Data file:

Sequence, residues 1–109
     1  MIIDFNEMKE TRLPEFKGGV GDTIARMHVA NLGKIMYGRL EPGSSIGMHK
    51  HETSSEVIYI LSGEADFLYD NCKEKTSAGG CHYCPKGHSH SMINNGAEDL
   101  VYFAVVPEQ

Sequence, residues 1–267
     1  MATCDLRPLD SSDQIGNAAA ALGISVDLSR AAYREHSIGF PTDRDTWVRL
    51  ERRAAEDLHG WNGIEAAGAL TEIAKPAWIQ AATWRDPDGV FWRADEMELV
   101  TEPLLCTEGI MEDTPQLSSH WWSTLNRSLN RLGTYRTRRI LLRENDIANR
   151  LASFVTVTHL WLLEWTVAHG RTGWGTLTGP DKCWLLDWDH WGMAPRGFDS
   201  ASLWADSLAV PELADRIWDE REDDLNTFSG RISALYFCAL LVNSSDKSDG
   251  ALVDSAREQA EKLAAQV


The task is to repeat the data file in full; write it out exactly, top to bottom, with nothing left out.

Sequence, residues 1–109
     1  MIIDFNEMKE TRLPEFKGGV GDTIARMHVA NLGKIMYGRL EPGSSIGMHK
    51  HETSSEVIYI LSGEADFLYD NCKEKTSAGG CHYCPKGHSH SMINNGAEDL
   101  VYFAVVPEQ

Sequence, residues 1–267
     1  MATCDLRPLD SSDQIGNAAA ALGISVDLSR AAYREHSIGF PTDRDTWVRL
    51  ERRAAEDLHG WNGIEAAGAL TEIAKPAWIQ AATWRDPDGV FWRADEMELV
   101  TEPLLCTEGI MEDTPQLSSH WWSTLNRSLN RLGTYRTRRI LLRENDIANR
   151  LASFVTVTHL WLLEWTVAHG RTGWGTLTGP DKCWLLDWDH WGMAPRGFDS
   201  ASLWADSLAV PELADRIWDE REDDLNTFSG RISALYFCAL LVNSSDKSDG
   251  ALVDSAREQA EKLAAQV